JAKUB: Is there something you would want me to have done differently? 

LŮCA: I wouldn’t change much, but once we could finally meet in the office, I could see how much more efficient everyday communication would have been. But even with this challenge, I felt that I could reach out anytime. If there was one thing I learned at the very beginning, it was “Don’t be afraid to ask”. And you, would you change anything? 

JAKUB: It was my first buddy experience, so I have no comparison. I’m usually very critical of myself. My experience in a sports environment tells me that if I see progress, the teacher/coach (or, in our case, buddy) is doing a good job. For me, it’s important that you felt welcome. You had questions about what to do and how to solve problems, and maybe it will sound a bit narcissistic, but I felt you appreciated the work I did for you. That also gave me confidence and the will to do better. Passing the probation period is a good sign that you did well. 

LŮCA: I was so happy learning that Mews wanted me to stay even after the first three months. And even though the early days are over, you’re still here, and I can ask if I have any issues, although I’m not afraid to ask other QA engineers as well. 

JAKUB: So, it’s time for you to get ready to be a buddy, right? 

LŮCA: I think it’s still a bit early, but the fact that you’ve been in tech for only a year and are already a buddy gives me hope and confidence. 

JAKUB: Yeah, confidence. That’s something you should have a little bit more of. I think you have what it takes to be a good QA. 

LŮCA: Aww, thank you. More confidence would definitely help both of us. But I can see that you also learned a lot from teaching me.  

JAKUB: Teamwork 🤜🤛 

LŮCA: Yeah! 


One little linguistic insertion. When we talk about the buddy system and buddies, we have two people in the mix, yet we often call both of them “buddy.” This doesn’t make sense when you want to clearly differentiate the roles. So please, allow me to introduce new words to the vocabulary (I checked the internet, and it seems it’s not there): buddier buddie. You see my inspiration in e.g., employer and employee. Is it something that has the potential to catch on, or is it going straight to the dumpster of bad ideas? 😅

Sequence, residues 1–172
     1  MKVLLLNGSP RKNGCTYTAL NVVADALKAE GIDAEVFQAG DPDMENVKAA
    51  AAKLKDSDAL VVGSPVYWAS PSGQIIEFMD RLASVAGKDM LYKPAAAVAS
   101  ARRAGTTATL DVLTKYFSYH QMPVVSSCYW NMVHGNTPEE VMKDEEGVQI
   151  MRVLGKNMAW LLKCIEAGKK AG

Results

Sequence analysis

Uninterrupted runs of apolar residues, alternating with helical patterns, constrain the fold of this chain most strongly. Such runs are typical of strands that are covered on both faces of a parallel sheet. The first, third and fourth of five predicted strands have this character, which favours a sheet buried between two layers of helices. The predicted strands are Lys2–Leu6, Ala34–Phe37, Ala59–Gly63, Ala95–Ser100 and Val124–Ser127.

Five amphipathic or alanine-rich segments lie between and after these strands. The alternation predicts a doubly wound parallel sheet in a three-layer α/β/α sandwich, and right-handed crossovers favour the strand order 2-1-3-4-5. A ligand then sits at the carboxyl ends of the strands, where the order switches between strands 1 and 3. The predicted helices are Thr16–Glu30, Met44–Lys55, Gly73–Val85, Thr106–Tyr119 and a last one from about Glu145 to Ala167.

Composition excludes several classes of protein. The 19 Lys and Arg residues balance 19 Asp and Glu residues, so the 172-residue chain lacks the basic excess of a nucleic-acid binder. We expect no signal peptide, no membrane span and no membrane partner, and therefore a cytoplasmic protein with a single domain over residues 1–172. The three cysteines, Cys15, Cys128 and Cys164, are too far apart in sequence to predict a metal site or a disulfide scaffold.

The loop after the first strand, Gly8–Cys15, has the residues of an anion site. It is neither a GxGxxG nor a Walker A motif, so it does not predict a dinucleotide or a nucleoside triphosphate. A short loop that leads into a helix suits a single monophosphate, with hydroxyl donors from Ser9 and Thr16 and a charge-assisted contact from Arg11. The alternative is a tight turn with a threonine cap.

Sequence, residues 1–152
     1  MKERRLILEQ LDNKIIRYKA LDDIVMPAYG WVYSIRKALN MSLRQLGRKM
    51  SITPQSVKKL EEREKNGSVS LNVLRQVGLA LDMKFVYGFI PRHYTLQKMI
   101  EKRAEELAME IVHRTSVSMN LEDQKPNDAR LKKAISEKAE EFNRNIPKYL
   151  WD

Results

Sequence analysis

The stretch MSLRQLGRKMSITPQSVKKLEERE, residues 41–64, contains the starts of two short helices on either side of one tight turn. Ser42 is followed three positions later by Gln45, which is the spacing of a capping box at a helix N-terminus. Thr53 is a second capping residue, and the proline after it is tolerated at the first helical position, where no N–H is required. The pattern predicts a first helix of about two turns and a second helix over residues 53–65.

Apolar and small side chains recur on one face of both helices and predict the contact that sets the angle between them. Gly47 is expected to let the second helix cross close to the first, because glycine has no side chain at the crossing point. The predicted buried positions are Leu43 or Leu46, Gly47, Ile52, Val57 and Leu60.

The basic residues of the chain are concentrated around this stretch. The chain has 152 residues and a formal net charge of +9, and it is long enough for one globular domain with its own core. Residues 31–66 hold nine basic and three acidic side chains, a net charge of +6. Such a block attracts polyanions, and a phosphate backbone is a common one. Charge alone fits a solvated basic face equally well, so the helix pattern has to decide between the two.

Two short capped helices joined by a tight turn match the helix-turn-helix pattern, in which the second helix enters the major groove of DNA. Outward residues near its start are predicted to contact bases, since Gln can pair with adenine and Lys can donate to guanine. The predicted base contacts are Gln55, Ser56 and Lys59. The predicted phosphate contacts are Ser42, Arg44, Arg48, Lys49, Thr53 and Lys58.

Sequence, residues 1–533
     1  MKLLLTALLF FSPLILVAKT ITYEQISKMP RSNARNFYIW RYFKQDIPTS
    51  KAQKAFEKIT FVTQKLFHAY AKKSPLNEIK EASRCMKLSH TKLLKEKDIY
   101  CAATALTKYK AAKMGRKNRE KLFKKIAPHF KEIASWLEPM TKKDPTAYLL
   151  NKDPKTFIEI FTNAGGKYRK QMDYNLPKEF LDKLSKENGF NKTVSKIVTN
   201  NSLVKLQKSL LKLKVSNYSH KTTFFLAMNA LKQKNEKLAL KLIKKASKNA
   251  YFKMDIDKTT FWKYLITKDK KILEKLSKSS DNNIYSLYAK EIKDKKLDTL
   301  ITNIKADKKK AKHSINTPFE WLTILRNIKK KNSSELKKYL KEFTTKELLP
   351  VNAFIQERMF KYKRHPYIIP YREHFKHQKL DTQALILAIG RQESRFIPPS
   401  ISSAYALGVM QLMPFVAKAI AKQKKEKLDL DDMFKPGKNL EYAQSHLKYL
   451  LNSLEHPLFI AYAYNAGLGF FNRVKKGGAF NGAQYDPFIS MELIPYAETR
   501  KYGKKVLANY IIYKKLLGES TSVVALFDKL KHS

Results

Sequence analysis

Lukáš & Gal, Frontend 

We have another recent career switcher here. Gal was a paratrooper and a pilot before he decided it was a good idea to become a frontend engineer. That was last year. Lukáš, on the other hand, has been a developer all his life and joined Mews in June 2019. Starting as an IC, he’s now an engineering manager, and both Gal and Lukáš are working in the B2C family of product engineering. 


As a buddy:

I was with the company for a while before I became a buddy for a new hire. It was an interesting experience for me because guiding new hires and helping them get into our processes gives you a good sense of satisfaction. We do have a lot of first-step guides written in our knowledge base platform, but nothing can replace in-person communication and knowledge sharing. It’s good to keep track of the progress of your buddy with regular catch-ups. During the catch-ups, you should track their progress and help them with the parts they struggle with. Help them when they need it, and don’t be afraid to do pair programming together if the new hire is a developer. It improved my communication skills – how to communicate with people more clearly while giving professional and social support. At our company, our buddy program officially ends after the probation period, but that doesn’t mean you stop the process. Usually, by that time, the new hire already has the experience, so regular catch-ups aren’t needed anymore, and instead become more ad-hoc and in a personal setting rather than a professional one.